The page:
Ex-Cambridge Analytica employee believes over 87 million Facebook users had data compromised
CEO Alexander Nix was to appear before committee on Wednesday, but cancelled
A former director with Cambridge Analytica, which is at the centre of a scandal over the use of Facebook data, testified Tuesday before a British House of Commons committee that she believed the number of Facebook users compromised in similar ways was "much greater" than the current estimate of 87 million.
Brittany Kaiser admitted she was not a data expert, but was making her supposition based on the knowledge of at least two quizzes Facebook users took that were different than the one Cambridge is said to have been employed in developing U.S. voter profiles.
"Therefore it can be inferred or implied that there were many additional individuals … whose data may have been compromised," Kaiser, who was director of business development with the political consultancy, said in London.
It was not clear, however, for what purposes, if any, the other quizzes were used.
Kaiser appeared before the committee a day before the highly anticipated turn of Alexander Nix, but it was learned that the suspended Cambridge CEO wouldn't be testifying Wednesday.
Damian Collins, chairman of a parliamentary committee, made the announcement.
"His legal representation has said that he's now not able to give evidence to the committee tomorrow [Wednesday], as a consequence of him having been served an information notice, and being subject to a criminal investigation by the Information Commissioner's Office," Damian Collins, chair of the digital, culture, media and sport committee, said at the public session.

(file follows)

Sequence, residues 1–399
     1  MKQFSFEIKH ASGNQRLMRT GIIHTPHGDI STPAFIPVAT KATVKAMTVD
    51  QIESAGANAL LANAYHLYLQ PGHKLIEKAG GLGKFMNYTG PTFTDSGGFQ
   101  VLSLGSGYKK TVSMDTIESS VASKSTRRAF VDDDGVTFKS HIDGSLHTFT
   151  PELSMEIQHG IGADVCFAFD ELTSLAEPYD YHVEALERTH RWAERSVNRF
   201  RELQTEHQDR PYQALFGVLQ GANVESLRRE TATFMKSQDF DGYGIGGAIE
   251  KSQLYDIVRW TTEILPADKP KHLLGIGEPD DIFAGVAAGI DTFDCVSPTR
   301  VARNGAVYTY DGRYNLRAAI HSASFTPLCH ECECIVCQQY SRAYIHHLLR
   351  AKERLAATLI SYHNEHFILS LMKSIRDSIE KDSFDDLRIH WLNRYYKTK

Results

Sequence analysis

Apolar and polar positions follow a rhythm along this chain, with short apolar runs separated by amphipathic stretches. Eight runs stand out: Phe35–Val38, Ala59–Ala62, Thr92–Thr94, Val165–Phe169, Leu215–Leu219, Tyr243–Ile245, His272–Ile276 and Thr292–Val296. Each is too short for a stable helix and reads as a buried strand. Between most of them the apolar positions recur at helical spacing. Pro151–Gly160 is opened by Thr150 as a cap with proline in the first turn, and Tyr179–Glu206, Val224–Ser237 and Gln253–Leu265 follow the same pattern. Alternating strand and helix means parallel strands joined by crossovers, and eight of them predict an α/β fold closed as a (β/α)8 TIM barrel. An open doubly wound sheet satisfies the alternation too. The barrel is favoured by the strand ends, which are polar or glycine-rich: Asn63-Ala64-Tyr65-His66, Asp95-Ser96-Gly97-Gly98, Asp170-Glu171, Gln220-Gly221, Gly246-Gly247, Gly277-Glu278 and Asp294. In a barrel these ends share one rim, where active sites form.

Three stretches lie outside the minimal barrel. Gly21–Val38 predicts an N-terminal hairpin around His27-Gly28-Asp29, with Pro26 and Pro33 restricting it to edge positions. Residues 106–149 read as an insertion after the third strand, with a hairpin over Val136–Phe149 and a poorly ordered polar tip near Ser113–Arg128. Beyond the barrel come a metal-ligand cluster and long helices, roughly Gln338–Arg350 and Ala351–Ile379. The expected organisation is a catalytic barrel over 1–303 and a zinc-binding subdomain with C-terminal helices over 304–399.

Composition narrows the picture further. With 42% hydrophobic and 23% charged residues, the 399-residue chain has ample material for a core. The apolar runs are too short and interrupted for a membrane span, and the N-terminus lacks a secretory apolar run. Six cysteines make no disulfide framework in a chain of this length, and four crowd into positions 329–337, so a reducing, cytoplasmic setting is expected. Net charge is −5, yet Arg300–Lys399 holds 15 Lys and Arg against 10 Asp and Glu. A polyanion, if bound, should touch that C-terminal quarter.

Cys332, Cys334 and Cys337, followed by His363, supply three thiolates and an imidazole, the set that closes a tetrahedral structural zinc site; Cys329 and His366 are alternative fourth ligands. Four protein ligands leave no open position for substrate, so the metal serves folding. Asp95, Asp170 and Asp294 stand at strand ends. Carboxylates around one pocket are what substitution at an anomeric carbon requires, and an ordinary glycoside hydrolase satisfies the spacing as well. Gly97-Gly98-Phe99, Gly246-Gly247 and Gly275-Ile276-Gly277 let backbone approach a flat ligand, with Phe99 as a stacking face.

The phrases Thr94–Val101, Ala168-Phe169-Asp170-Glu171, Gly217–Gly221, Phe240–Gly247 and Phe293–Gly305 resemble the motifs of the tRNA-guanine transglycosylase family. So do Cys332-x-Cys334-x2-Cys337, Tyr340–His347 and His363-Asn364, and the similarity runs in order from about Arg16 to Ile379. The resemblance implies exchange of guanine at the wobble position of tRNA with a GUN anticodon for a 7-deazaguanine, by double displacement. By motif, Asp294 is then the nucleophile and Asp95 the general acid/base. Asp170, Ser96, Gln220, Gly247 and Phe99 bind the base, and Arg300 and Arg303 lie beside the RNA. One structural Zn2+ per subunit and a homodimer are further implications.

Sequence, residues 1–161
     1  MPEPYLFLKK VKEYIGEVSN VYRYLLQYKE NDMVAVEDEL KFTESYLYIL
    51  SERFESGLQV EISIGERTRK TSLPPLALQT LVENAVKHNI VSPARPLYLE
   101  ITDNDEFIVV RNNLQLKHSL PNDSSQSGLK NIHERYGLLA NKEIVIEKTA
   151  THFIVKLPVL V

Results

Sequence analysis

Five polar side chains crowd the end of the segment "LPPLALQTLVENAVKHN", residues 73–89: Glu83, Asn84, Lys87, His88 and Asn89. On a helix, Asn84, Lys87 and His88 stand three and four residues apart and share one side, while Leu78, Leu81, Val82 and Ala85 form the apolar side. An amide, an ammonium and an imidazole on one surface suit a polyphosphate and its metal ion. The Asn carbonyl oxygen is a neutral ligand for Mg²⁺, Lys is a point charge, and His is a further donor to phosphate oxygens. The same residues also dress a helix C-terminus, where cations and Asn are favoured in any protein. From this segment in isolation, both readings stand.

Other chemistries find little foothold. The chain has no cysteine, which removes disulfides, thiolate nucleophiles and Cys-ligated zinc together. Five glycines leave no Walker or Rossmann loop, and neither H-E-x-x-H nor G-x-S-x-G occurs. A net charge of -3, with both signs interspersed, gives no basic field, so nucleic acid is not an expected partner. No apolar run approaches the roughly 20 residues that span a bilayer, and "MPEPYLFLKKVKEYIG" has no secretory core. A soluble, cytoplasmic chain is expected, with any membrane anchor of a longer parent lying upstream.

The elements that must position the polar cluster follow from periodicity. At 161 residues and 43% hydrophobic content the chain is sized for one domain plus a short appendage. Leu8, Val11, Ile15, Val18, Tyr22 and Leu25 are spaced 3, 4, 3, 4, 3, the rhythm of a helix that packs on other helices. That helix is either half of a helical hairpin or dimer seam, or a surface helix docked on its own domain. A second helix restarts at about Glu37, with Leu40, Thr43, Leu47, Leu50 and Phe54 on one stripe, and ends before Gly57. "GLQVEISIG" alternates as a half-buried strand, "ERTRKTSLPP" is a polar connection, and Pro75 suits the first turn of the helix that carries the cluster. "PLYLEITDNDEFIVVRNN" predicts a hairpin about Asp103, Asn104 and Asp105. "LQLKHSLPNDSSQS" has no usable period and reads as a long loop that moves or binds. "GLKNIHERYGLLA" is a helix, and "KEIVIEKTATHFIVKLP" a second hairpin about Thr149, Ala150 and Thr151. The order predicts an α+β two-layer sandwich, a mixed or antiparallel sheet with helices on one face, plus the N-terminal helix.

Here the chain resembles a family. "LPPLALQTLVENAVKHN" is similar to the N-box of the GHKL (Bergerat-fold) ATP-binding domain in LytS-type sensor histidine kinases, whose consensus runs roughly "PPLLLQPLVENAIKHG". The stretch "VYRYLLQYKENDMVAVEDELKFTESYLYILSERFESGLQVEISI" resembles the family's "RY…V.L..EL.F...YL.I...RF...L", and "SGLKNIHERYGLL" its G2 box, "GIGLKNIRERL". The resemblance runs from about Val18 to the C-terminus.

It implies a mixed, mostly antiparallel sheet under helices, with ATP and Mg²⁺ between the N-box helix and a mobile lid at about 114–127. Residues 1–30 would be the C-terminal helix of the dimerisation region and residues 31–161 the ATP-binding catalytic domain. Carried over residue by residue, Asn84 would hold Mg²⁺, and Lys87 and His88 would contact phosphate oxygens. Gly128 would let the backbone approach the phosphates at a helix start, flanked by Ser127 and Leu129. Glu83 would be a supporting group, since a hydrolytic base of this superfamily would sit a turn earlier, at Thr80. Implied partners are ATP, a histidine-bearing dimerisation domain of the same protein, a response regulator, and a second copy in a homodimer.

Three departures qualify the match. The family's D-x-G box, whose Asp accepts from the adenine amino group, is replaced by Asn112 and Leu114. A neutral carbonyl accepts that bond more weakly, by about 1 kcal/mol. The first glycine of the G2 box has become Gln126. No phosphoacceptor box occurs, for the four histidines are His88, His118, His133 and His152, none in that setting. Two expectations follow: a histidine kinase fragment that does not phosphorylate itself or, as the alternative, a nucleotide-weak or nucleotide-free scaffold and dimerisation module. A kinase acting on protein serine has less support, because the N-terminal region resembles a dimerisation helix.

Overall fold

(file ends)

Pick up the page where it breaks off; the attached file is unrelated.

Collins said he was considering a formal summons for Nix, and hoped to provide an update on a date for a new hearing early next week.
"We do not accept Mr Nix's reason for not appearing in a public session before the committee," Collins said in an emailed statement. "There is therefore no legal reason why Mr. Nix cannot appear."
Cambridge was hired by Donald Trump's campaign for his 2016 U.S. presidential election campaign.
Brexit group claims angrily denied
The analytics firm is also under scrutiny over alleged campaigning for the 2016 referendum when Britons voted to leave the European Union.
On Tuesday, a prominent campaigner to leave the EU, Arron Banks, denied allegations he had misused personal data for political purposes.
Kaiser testified to the committee that Leave.EU founder Banks might have broken data protection law by mixing customer data from his insurance firms with voter contact lists.
Kaiser said that on a visit to Banks's headquarters in Bristol, she had seen a call centre where data for Eldon and GoSkippy, Banks's insurance firms, was being used by Leave.EU.
"In hindsight, I now think that there is reason to believe that misuse of data was rife amongst the businesses and campaigns of Arron Banks," she said in written testimony to the committee.
Banks told Reuters the testimony was "sheer whoppers."
He said it was well known that Leave.EU had set up a call centre in his offices, but there was a separate dataset for politics, and there was "no overlap at all."
"We absolutely refute that any insurance data was used in it," he added.
Cambridge Analytica said it had "never received data from any Arron Banks company," in a tweet, as Kaiser gave her testimony.
Cambridge Analytica and Banks, who was a major donor to euroskeptic party UKIP, have said that while the consultancy pitched for work with Leave.EU, it did not have any contracts and no money changed hands.
Banks reiterated that Leave.EU decided not to use Cambridge Analytica after his campaign was not designated as the official campaign to leave the European Union.
Collins has said Leave.EU still benefited from work done before that decision was made.
With files from Reuters